Monday, October 31, 2011

Halloween Street

I know what you’re thinking. Another Halloween post? It’s the 31st, so indulge me. I've really been impressed with the variety and quality of Halloween-centric activities in Louisville.

We all know how wonderful the Highlands are, but there are lots of other cool neighborhoods in Louisville. Crescent Hill is one of them. It lies less than 5 miles from downtown, and is bound, roughly, by Lexington Road, Brownsboro Road, Ewing Avenue, and Cannons Lane. Frankfort Avenue runs down the middle of Crescent Hill, and is lined with unique, locally owned shops and restaurants. A few of our personal favorites are Carmichael's Bookstore (the original store is located on one of the hottest corners in the Highlands), the charming Crescent Hill library, El Mundo for margaritas and F.A.B.D. for barbecue and suds. The tree-lined streets that run off of Frankfort Avenue are filled with beautiful Victorian homes and cozy bungalows.

This time of year, Hillcrest Avenue, which runs between Frankfort Avenue and Brownsboro Road in Crescent Hill, is known as Halloween Street. For the past 20 years, this 3 block stretch has boasted the most elaborate Halloween decorations in Louisville. We decided to check it out and see if it lived up to the hype. It did. Halloween Street is something every Louisvillian remotely interested in the holiday should see. The houses had everything from simple, but giant, blow up pumpkins and witches to completely over-the-top graveyards, complete with coffins, vaults, and gargoyles. Other themed yards included horror movie icons (Jason Voorhees, Freddy Krueger, and Michael Myers), Area 51, The Wizard of Oz, and a sweet take on It's the Great Pumpkin, Charlie Brown. My son's favorite was The Nightmare Before Christmas yard. We went during the day, primarily because our children are so young and we didn't want them to be scared. I can't wait until they are old enough to go at night and even trick-or-treat on Halloween Street.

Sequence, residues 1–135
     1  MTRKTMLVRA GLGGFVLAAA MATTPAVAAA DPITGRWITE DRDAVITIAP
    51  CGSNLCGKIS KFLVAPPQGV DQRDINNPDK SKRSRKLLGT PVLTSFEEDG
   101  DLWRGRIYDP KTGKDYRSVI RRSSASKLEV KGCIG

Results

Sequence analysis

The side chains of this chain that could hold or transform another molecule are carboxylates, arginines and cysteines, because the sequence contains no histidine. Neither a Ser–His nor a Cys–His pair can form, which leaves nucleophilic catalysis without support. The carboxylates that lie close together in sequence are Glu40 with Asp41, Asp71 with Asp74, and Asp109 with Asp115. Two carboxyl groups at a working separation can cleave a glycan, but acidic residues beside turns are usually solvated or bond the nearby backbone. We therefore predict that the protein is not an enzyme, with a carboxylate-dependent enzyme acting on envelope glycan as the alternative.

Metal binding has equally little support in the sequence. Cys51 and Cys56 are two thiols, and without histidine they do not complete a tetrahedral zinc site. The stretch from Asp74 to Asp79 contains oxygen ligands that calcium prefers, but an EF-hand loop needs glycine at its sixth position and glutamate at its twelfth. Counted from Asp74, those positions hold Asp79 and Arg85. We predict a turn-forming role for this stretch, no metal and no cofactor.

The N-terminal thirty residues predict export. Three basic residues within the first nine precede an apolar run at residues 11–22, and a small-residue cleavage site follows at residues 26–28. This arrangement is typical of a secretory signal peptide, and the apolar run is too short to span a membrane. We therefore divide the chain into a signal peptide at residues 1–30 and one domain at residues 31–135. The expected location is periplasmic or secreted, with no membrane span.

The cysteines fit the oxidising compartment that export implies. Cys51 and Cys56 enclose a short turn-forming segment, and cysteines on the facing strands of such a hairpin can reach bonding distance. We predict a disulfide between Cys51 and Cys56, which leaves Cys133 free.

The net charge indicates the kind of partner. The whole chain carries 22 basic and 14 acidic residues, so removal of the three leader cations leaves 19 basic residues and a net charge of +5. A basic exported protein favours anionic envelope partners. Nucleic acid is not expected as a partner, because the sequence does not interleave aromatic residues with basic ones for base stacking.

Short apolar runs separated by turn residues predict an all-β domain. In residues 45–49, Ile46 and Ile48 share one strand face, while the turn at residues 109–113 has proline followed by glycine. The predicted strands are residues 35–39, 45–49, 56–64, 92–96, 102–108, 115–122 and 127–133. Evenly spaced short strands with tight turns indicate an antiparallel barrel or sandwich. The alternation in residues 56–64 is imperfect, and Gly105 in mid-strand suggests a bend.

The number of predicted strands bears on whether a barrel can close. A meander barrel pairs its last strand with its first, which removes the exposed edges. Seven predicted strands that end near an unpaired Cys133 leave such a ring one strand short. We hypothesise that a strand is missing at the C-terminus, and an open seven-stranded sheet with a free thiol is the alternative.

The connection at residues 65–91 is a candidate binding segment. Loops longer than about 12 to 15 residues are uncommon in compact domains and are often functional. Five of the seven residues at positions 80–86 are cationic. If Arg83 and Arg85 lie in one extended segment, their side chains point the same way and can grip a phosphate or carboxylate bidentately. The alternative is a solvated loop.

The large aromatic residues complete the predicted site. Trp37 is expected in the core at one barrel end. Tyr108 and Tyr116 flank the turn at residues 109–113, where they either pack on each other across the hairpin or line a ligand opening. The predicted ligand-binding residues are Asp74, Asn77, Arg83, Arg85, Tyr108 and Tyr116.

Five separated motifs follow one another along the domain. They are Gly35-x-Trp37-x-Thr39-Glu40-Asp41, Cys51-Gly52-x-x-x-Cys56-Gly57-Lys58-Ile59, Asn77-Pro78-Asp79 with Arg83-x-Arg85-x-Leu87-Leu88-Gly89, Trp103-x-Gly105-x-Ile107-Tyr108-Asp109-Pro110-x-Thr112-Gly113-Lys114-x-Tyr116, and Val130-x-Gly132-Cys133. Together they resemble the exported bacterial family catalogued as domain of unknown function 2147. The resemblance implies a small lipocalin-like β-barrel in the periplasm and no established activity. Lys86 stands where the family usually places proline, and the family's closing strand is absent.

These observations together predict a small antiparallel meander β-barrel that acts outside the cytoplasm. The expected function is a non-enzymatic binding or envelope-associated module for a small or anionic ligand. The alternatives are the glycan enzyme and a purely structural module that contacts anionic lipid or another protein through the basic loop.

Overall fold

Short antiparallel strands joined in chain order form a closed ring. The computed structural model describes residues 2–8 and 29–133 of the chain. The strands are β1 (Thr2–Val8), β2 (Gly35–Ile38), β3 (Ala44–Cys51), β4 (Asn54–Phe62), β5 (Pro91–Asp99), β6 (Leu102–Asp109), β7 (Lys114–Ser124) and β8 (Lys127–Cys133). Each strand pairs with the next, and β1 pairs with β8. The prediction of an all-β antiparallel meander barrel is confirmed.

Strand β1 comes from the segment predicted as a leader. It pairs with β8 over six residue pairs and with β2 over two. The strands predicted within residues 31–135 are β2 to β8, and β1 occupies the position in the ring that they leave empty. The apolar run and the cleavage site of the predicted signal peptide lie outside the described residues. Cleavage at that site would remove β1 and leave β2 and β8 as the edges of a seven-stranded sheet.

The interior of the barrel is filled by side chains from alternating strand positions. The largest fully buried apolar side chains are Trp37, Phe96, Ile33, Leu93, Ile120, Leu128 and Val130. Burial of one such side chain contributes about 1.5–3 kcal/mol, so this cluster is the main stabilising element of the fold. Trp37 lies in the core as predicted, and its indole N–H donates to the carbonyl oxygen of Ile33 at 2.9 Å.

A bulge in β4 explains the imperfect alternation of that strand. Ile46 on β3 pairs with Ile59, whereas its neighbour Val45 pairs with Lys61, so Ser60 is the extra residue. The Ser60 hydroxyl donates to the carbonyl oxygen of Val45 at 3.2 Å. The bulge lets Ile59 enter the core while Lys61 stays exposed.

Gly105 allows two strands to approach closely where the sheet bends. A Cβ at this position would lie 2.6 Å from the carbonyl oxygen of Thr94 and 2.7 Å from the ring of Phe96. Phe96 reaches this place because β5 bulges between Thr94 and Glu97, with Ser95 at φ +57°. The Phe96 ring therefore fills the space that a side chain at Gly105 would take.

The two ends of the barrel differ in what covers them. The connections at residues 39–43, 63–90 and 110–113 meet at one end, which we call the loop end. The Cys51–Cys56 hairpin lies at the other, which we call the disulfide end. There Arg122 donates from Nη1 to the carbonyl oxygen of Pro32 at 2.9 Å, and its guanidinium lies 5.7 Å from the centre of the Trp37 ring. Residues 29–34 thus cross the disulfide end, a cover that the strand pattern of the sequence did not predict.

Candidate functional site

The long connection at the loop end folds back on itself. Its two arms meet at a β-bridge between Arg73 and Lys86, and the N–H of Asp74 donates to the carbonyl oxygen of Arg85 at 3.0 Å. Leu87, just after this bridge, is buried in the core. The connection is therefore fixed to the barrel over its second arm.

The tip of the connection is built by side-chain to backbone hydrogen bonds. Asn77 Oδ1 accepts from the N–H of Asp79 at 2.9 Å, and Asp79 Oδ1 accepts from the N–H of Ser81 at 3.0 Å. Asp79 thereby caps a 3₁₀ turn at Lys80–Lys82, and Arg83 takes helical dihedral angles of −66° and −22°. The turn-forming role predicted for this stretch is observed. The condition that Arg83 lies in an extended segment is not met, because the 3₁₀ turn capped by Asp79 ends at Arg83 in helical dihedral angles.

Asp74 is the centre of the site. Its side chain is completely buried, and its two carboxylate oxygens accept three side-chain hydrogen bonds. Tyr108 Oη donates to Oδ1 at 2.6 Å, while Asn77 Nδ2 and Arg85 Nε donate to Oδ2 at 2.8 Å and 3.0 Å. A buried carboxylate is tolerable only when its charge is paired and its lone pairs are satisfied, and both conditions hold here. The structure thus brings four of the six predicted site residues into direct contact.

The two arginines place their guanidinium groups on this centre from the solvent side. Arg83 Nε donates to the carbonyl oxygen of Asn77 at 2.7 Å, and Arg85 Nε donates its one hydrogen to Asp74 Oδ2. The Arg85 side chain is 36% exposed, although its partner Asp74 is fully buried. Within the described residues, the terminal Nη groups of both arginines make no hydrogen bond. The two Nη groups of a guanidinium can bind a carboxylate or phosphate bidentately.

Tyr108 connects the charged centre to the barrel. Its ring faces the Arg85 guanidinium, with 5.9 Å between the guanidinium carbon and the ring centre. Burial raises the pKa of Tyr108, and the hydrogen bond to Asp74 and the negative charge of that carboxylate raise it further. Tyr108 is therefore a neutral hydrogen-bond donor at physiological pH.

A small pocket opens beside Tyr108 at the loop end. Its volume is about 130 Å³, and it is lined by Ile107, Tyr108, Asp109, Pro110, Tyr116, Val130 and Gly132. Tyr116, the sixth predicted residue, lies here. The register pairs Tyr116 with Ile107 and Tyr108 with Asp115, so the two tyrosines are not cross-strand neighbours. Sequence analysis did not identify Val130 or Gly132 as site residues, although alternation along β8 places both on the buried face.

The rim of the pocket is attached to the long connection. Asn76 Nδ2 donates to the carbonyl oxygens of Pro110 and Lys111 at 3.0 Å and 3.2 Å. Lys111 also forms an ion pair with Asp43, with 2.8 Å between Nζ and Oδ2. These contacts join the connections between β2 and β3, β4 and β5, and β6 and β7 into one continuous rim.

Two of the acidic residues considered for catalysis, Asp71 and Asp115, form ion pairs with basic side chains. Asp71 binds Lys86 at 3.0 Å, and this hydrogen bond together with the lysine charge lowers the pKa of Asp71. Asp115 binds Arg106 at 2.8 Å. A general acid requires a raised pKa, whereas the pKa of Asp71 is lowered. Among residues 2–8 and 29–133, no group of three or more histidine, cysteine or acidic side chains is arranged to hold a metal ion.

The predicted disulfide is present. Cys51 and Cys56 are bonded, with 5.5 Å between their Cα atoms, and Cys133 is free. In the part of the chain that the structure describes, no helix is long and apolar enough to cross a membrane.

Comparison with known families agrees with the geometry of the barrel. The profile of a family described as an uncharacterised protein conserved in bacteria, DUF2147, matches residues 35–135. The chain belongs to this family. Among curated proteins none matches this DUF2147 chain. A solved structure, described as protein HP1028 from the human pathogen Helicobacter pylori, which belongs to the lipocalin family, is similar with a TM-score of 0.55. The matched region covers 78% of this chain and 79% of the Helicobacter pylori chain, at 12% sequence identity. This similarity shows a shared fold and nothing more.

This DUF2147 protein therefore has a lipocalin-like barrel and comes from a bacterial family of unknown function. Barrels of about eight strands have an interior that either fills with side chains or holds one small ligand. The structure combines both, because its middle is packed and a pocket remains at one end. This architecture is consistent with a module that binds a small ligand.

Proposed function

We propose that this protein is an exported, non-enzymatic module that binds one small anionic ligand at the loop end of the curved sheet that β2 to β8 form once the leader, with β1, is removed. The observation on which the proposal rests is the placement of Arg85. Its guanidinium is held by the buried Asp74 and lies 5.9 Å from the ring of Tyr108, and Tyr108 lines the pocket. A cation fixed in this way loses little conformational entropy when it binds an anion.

Here are some shots of the spooky displays:

I hope everyone has a great Halloween. Be safe & don't eat too much candy!

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Friday, October 28, 2011

Ale 8?

I had never really heard of Ale-8 (formally ale-8-1) growing up in Central Kentucky. Maybe I heard it mentioned here and there, but I never really knew of its cult-like following.

I moved to Lexington, Kentucky to attend college and was instantly made aware of Ale-8. What was this mystery drink? Was it an alcoholic beverage? Was it some strange concoction of potions? I had no idea!

I decided one day to purchase Ale-8 at the Kroger on Euclid Avenue (that Kroger could probably have its own blog post). I learned from several people that you can't drink Ale-8 from cans, you must drink it from the old school long neck bottles.

At this point I was expecting it to taste like butterflies, rainbows, and gold all bottled up! I took my first sip and waited for the magic to happen. Meh. I remember thinking, "is this what people are so obsessed with?" Personally, I just wasn't a fan.

So what is the mystery drink that so many Kentuckians are obsessed with? Ale-8 was formulated and invented in Winchester, Kentucky by G.L. Wainscott in 1926. It is a form of gingerale, but made with more caffeine and less calories. Perhaps the caffeine aspect is why so many people love it?